It's said that, for at least most of his life, the great Canadian pianist and Bach interpreter, Glenn Gould never went to any concert where he wasn't performing. As the story goes, his rationale was that, even for his own performances, he could hear the music played better, from a better listening position, in better sound in his own listening room than he could at any concert hall, so why go out?
How can that be? Well, from the performance standpoint, Gould was a great technology fan, and even before his retirement from public performance in 1964, saw in the ability to do multiple "takes" and splice them together the opportunity to create "perfect" performances – not only free from missed notes or the coughs and other sonic accidents that can mar any live event, but also performances that would combine the best moments of artistic insight from each of however many playings of the same piece it might take to get the entire performance absolutely "right".
From a sonic perspective, as well, Gould saw that a perfectly placed microphone at just the right point in an acoustically-treated recording studio was far more likely to hear the music in perfect balance and clarity than a listener could by taking his chances on available seating in even the best concert hall. And even if that listener got lucky and got the seat in the hall with the very best sound, he realized that other listeners might not fare as well, and saw in the recording process the opportunity to bring the best to all.
I'm certainly no Glenn Gould: My only musical accomplishment consists of two years of cello lessons when I was in junior high school, and I wasn't even particularly adept at that. I do, though, have a long history of music listening; the benefit of a number of high school and college Music Appreciation courses. I also have the advantages of a life-long love of music and an open mind, and I agree with Glenn Gould in at least one respect: For sheer technical and performance perfection, a recording is much more likely to "deliver the goods" than a live concert.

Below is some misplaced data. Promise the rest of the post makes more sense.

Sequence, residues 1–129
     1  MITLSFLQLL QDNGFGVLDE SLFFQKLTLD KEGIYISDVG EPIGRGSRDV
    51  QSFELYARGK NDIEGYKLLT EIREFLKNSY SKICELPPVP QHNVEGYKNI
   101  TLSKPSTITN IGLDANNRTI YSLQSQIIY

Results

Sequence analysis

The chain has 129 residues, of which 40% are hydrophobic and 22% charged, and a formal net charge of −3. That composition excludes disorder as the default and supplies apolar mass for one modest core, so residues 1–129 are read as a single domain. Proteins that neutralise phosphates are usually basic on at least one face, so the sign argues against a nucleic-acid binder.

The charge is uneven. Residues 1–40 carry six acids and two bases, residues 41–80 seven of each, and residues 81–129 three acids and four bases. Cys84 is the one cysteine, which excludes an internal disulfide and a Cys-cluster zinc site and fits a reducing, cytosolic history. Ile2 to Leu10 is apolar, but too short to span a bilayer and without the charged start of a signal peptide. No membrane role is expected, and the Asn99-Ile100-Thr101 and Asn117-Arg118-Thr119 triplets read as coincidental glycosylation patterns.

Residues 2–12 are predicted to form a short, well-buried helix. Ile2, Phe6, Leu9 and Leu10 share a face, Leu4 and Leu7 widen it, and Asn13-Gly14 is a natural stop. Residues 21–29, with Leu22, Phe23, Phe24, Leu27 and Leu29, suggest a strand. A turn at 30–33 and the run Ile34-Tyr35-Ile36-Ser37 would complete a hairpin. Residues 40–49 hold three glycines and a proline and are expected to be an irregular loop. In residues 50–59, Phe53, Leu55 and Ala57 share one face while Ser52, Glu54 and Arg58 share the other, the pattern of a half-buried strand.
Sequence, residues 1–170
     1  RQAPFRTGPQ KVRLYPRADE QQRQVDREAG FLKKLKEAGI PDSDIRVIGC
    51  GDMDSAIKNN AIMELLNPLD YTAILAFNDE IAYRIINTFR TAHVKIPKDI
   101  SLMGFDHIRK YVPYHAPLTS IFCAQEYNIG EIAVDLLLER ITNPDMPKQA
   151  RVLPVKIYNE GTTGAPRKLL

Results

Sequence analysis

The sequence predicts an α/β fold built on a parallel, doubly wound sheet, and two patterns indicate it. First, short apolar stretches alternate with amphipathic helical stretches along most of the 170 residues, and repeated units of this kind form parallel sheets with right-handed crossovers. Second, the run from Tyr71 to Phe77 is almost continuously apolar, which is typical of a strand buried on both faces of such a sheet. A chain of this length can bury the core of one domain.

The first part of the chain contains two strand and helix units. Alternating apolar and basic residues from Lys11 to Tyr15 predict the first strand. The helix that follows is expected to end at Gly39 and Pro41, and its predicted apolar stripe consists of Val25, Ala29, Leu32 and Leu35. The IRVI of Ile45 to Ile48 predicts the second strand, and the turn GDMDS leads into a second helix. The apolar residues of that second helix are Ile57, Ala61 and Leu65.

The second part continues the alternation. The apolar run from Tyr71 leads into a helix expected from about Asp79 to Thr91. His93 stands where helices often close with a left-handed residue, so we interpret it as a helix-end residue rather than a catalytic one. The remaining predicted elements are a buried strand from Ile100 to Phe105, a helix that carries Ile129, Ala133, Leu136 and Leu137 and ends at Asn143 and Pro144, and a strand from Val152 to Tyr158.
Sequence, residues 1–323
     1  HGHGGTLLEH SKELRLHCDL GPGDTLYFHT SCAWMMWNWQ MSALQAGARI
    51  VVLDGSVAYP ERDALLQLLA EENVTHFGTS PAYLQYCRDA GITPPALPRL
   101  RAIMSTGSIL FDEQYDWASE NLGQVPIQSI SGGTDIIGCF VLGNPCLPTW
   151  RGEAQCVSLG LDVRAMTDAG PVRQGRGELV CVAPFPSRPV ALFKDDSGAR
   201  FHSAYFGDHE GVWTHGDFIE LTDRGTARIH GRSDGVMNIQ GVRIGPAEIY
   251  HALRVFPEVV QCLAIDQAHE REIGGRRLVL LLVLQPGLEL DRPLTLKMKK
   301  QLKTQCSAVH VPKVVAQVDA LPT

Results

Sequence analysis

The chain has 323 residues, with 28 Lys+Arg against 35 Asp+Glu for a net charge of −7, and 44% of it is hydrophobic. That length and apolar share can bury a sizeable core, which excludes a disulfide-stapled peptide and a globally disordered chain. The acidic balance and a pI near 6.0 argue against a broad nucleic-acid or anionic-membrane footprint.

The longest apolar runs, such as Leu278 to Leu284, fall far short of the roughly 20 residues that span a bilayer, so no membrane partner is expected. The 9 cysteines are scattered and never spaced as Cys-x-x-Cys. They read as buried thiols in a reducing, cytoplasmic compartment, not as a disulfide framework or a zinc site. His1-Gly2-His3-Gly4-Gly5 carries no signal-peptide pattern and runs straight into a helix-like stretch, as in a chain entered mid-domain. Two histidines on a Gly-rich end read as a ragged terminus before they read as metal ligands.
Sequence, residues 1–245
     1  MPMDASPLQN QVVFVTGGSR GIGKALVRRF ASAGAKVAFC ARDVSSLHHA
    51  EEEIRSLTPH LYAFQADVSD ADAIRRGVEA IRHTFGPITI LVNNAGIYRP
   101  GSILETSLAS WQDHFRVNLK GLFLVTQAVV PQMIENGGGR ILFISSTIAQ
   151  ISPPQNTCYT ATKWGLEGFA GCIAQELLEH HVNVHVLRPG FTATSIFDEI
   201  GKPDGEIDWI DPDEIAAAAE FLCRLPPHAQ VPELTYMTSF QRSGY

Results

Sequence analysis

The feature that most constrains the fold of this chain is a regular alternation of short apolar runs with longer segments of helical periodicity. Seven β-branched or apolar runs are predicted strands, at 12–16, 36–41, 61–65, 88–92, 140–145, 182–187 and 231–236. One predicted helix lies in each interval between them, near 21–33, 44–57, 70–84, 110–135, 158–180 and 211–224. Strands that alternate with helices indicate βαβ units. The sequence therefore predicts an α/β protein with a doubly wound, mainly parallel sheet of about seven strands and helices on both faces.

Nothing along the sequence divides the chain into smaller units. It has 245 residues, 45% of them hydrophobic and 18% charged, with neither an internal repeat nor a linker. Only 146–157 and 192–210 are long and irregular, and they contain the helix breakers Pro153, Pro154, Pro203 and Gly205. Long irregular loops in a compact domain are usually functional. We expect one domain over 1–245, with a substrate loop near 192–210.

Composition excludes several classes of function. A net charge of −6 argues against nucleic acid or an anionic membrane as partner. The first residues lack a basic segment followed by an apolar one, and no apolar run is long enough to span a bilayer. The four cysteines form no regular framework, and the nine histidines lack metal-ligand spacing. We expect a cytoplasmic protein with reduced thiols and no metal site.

When we get into modern and "pop" music, something else comes to bear, too: Much of what we hear on recordings can only be heard on recordings. It's not that the recorded sound is better than the original live performance; it's that for a great many recordings, spanning a vast range of artistic styles and performance practices, there never was an original live to begin with, and it may never even be possible to create one.
Just like so many movies in recent times, where computer-generated imagery (CGI) has augmented or replaced difficult, dangerous, or frankly impossible live action, much of what we hear as the current musical offering has never existed except in recorded form. Certainly classical music recordings do tend to be recorded "live", with the full orchestra and whatever singers all in attendance at the time and place of performance, but even there, by the time it gets to the public there's no guarantee that a mastering engineer or the artist, composer, or conductor (a la Toscanini) hasn't had a hand on the knobs and dials, "sweetening" the performance, replacing errors, or building a conglomerate of sections or passages from as many as several "takes".